Turkey has among the steepest roads that I have encountered on this journey. This morning I cycled one of them. Had I not already cycled almost 7,000km, I would have been pushing.The pass was called Sakiz Pass, and it joins a small town (don’t remember the name) and Ayancik on the Black Sea coast. I inched up the slope at an average speed of 4.6km/h for over 2 hours. I can tell you, it felt good to be at the top.
Now, from the top of the pass, the smart thing to do would have been to bomb down the other side, savouring every vertical meter of the 1,250m from the top of the pass to sea level, on a nice sealed road. However, I got just a little sidetracked, which turned a 1 hour descent into a two day struggle..
The brown ‘tourist information’ sign said ‘Akgol’. A muddy snowy road turning off to the left of the main road. I glanced at my map and saw that it indicated a tourist attraction at ‘Akgol’. I didn’t know exacty what ‘Akgol’ was, but the road was going downhill, and I was keen to take some pictures of nice scenery…
The road was snowy, but 4WD vehicles had been on it recenty, meaning that I could cycle OK in first gear.
That was for about 100m. Once again the road forked. Cycleable 4WD tracks going right, and a sign saying ‘Akgol’ pointing left.
The road to Akgol was covered in snow about 30cm deep. If you were walking, you would sink about 15cm with each step. If you were pushing a loaded recumbent bicycle with a small 20 inch wheel at the front, the bike would sink down to the axles in the snow.
After 50m of fruitless pushing, I realised that the bike was too heavy. It would sink into the snow, and pushing would become impossible. I did however notice that if I removed the front panniers, the bike moved with relative ease throught the snow.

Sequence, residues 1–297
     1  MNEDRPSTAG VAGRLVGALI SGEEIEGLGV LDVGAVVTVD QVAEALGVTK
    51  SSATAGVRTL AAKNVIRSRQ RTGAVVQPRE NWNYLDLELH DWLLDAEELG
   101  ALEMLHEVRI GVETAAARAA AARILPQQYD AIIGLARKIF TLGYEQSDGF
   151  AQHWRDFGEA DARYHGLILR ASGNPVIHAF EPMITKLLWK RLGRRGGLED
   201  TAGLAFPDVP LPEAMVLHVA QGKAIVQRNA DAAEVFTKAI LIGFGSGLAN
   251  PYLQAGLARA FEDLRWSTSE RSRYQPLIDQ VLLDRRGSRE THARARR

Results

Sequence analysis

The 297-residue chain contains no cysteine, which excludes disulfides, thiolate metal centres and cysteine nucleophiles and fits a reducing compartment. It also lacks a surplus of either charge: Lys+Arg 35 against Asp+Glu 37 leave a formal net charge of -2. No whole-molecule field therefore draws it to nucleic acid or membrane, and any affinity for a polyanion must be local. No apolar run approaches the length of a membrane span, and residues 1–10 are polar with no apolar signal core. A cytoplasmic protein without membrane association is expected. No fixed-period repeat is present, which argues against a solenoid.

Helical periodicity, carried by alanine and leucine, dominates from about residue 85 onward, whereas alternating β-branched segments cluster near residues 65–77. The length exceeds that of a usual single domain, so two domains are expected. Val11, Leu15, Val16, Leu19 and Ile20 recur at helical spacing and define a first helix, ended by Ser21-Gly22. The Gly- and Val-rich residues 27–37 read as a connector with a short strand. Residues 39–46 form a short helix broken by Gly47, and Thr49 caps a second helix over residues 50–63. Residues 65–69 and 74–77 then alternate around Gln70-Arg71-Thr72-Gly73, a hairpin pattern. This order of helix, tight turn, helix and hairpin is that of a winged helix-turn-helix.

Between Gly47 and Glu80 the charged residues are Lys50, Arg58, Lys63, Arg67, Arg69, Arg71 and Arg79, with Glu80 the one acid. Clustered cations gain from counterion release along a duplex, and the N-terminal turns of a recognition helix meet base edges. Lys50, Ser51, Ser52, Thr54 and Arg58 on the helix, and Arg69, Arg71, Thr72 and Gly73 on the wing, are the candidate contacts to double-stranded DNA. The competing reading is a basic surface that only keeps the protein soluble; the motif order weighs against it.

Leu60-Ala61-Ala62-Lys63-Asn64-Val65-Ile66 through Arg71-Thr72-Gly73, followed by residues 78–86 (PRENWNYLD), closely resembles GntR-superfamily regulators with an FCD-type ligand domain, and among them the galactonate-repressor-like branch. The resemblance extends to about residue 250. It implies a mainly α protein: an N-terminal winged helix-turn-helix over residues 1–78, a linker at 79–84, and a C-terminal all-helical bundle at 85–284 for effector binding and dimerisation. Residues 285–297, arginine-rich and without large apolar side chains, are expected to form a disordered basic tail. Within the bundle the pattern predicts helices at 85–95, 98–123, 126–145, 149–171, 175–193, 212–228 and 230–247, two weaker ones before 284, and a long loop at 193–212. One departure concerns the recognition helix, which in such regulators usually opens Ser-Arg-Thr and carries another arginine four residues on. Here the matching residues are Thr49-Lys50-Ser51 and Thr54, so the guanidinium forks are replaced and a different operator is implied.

I spent six long, long hours carrying the front panniers 1km, dropping them, walking back to the bike, then pushing the bike km to the panniers, then carrying the panniers 1km…
It was painfully slow progress, repeating the ferrying of panniers and bike through the snow. My legs ached, and at times I could only push the bike for two or three meters at a time before needing to rest. I was tired and hungry.
The reason I chose to forge on however was because I was going downhill. Surely the snow would thin out as descended, I nievely thought. Problem was that I was in the middle of a pine forest. The road saw very little sun during the day, so the snow had very little chance of melting.
Also, according to my map, if I could make it to Akgol, there was a sealed road leading from Akgol straight to Ayancik. From there it would be pain sailing, I thought.
By 4:30pm, I had come to another fork in the road, with signs pointing to ‘Akgol’. The mystery tourist spot. ‘Akgol’ to the left, some small villages indicated by a sign pointing to the right. No mention of Ayancik Town.
It was here that I began to doubt the accuracy of my map. Perhaps the road forking to the right does actually go to Ayancik, and the road to Akgol is just a dead end, I thought.
About 100m down, I could see a lake, surrounded only by large hils. If I go down to the lake, would I have to push my bike up through the snow over a pass to get to Ayancik? Would the snow really thin out?
Hang on! Lake. Gol. In other countries such as Tajikistan, lake names always ended in ‘kol’. Qarakol, Sasikol…
I looked up ‘gol’ in my Turkish-Japanese phrase book, and sure enough, gol means lake.
That lake down there, surrounded in snow, is my mystery tourist spot.
By now however I had had enough. I was sick of snow. Once I get off this mountain, I thought, I don’t ever want to see snow again.
There were powerlines coming from three directions, and converging closeby. One set of powerlines went off to a small settlement on a distant hill, another down to Akgol, and another set coming from the north – the direction of Ayancik.
It was too late in the day to turn back, so I decided to camp for the night near the fork in the road. Tomorrow I would go up the right hand road for a while to see where it would lead me. If not to Ayancik, then I would have to resort to the most unappealing option of pushing my bike back up the way I had come.